Two Weakest Positions Of 2015 Draft Class


If the Ravens look to the draft to get a playmaker at safety or tight end, they better do it early.

NFL Network's lead draft analyst Mike Mayock said the draft class lacks depth at both positions where the Ravens may want to add pieces. Mayock said the class is "very thin" at safety, and he doesn't have a first-round grade on any tight ends.

The lack of depth at the two spots is significant for the Ravens, who may have needs at both spots. Adding a tight end is somewhat contingent on whether the team re-signs free agent Owen Daniels and the health status of Dennis Pitta after he suffered dislocated hips in back-to-back seasons. If Daniels leaves in free agency and Pitta's return is delayed, then last year's fourth-round pick Crockett Gillmore would be the only tight end holdover from the active roster.

The top tight end in this year's class, according to Mayock and many other draft analysts, is Maxx Williams (6-foot-4, 250 pounds) from Minnesota, who is known as a reliable target in the passing game.

"Maxx Williams would be the only guy that could be considered a late [first-round pick]," Mayock said. "I see him as a second round pick, but he's a good receiving tight end. I like him a lot as an athlete."

Williams had 36 catches for 569 yards and eight touchdowns last year as a junior. After Williams, the top-graded prospects are Clive Walford from Miami and Nick O'Leary from Florida State.

"Not a good tight end class," Mayock said.

The situation is similar at safety, where the Ravens have some lingering questions.  Darian Stewart and Jeromy Miles are unrestricted free agents, Will Hill is a* *restricted free agent and last year's third-round pick Terrence Brooks is coming off a season-ending knee injury. Matt Elam had a down year in his sophomore season, and he'll need a strong offseason and training camp to re-gain his starting job.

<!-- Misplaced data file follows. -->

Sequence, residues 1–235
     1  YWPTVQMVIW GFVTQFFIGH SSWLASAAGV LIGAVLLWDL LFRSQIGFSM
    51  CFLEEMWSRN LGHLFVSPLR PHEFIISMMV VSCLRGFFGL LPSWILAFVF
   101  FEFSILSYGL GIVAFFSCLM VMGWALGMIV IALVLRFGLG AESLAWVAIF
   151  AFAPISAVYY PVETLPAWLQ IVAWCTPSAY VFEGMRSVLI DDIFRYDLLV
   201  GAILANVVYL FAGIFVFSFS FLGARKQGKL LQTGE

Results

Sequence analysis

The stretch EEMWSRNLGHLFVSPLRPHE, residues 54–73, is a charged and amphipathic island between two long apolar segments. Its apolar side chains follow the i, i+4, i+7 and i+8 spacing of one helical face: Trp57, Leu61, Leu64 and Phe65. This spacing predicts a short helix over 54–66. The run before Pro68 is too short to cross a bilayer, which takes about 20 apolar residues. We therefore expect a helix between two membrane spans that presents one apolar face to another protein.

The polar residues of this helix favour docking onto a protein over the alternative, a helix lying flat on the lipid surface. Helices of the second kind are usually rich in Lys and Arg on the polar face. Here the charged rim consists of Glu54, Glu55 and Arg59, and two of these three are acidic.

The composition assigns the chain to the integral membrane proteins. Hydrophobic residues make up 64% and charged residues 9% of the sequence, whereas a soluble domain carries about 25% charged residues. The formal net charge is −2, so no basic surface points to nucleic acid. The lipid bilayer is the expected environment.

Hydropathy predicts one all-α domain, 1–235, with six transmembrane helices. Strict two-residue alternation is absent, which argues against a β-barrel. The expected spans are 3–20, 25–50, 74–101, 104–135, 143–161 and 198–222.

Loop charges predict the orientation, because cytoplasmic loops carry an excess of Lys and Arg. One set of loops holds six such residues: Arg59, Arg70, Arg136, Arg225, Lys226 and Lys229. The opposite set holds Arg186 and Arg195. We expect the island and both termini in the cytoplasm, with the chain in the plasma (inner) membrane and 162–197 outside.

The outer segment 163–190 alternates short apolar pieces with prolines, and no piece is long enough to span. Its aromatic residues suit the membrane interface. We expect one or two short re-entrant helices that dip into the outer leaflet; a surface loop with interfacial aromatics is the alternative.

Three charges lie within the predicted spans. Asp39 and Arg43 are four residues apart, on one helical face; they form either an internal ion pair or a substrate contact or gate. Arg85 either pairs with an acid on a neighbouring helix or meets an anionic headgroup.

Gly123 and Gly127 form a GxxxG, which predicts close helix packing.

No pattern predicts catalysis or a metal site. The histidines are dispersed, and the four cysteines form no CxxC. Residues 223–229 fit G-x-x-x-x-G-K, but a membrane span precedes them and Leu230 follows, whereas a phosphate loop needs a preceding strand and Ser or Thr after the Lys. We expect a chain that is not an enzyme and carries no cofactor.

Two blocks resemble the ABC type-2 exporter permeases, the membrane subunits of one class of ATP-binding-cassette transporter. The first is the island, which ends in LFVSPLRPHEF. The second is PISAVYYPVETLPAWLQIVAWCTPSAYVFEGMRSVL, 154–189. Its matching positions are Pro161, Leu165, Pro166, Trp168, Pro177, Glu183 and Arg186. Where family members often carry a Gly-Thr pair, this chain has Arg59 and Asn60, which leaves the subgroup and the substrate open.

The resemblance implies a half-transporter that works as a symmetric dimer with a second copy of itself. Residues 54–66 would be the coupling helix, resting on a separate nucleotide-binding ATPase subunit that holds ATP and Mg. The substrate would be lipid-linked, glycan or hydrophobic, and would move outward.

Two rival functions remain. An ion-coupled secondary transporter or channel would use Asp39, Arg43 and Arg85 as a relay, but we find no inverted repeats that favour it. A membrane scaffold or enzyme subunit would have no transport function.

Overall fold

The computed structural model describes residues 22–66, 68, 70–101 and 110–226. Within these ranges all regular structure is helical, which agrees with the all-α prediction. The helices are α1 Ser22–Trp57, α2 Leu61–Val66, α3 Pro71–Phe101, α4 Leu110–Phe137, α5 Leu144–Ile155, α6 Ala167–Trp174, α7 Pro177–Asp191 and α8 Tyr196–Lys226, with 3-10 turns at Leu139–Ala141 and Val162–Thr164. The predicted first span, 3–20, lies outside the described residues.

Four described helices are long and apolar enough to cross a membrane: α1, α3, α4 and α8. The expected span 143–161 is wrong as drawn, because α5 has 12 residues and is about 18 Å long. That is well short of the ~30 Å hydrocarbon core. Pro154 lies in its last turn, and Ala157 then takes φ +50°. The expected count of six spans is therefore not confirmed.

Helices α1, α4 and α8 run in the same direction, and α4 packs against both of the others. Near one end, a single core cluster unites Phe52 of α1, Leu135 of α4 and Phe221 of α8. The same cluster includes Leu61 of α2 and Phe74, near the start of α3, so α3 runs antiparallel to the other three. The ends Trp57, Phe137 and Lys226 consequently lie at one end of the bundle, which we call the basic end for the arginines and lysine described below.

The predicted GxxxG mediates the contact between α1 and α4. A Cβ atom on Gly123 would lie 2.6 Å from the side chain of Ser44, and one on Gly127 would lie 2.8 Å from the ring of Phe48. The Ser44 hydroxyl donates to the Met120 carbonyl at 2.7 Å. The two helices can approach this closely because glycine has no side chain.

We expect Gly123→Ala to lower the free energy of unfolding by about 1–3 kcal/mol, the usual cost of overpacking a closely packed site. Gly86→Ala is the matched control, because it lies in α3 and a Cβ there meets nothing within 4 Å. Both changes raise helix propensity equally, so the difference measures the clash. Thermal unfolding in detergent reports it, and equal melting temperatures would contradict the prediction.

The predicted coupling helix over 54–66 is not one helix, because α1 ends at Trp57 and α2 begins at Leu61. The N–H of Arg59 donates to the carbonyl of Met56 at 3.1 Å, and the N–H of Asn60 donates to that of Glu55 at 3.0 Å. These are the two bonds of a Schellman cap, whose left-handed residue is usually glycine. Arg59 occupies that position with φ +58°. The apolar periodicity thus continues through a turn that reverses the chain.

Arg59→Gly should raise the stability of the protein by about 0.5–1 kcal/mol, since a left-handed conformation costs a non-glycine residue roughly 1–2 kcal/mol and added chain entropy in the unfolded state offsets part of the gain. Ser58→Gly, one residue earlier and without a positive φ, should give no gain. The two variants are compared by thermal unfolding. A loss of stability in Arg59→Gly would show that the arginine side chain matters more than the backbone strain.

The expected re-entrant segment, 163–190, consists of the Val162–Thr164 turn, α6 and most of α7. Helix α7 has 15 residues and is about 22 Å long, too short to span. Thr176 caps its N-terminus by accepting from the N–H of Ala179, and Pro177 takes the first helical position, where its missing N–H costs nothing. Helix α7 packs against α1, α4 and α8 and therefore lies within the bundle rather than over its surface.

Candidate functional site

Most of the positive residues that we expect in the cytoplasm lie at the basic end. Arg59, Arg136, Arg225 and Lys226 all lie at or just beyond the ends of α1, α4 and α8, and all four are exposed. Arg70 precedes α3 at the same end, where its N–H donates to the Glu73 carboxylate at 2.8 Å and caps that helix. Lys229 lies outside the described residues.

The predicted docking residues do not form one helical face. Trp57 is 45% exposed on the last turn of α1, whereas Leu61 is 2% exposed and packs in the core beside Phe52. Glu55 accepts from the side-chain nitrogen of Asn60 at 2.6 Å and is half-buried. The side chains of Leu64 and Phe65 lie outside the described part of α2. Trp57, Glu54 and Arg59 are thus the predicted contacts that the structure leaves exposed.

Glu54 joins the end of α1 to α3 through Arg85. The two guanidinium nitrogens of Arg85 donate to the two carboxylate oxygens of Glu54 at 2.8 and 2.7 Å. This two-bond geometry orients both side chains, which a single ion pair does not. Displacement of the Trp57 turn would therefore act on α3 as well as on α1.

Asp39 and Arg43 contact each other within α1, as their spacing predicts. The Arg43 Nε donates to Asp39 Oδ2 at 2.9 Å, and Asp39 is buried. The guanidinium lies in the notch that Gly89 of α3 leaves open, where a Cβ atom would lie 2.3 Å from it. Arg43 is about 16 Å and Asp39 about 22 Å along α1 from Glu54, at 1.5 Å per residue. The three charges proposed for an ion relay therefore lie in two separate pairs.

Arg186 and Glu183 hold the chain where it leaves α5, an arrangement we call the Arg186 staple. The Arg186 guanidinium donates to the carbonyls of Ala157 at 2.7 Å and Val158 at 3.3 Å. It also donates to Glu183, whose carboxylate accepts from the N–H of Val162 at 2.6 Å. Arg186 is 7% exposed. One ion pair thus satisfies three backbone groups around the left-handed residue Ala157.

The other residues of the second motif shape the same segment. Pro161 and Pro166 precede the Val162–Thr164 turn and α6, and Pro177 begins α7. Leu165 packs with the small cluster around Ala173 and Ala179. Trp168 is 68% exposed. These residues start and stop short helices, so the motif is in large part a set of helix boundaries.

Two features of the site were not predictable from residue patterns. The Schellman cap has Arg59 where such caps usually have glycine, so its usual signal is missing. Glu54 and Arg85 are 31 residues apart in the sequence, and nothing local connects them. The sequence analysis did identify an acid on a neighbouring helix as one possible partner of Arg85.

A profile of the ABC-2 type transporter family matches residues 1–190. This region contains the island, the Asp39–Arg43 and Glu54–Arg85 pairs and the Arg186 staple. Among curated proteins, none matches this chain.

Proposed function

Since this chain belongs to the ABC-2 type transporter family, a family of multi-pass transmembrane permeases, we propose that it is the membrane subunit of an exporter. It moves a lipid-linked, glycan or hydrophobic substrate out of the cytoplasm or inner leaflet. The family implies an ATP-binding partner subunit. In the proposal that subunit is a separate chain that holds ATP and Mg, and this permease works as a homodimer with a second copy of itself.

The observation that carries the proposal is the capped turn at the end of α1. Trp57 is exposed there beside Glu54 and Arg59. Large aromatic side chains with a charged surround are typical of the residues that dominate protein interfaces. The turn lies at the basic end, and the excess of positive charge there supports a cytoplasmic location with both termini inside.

"I would make the case they need a safety also, but it's not a great safety draft," Mayock said.

Alabama's Landon Collins is the only true safety with a first-round grade according to some analysts. He could be a fit for the Ravens, but it's a question whether he will be around when Baltimore is on the board at pick No. 26.

Washington's Shaq Thompson is also in the late first-round range, but he's a big-bodied player that many analysts project as a linebacker.

"Most people think [Thompson] is a linebacker from Washington. I like him as a Kam Chancellor-type big, strong, physical, strong safety that can play dime linebacker in passing situations," Mayock said. "I think it's evolving that way."

Finding rookies who can make an immediate impact at any position is a challenge, and that's particularly true at safety, Mayock said. NFL teams typically get a limited picture of what the safeties can do based on their roles in college, and that leaves for plenty of guesswork when it comes to grading them.

"As far as evaluating safeties, I played the position. It's still a hard evaluation," Mayock said. "You don't always get to see them do what you want to see. For instance a lot of guys will only play in the box. Well can they play a deep pass, deep third and can they play man-to-man?

"Other guys are the opposite on the back end. You don't see him upfront in the box tackling and playing physically. The challenge there is matching up body type, movement skills and toughness with what they're going to ask them to do at the NFL level."

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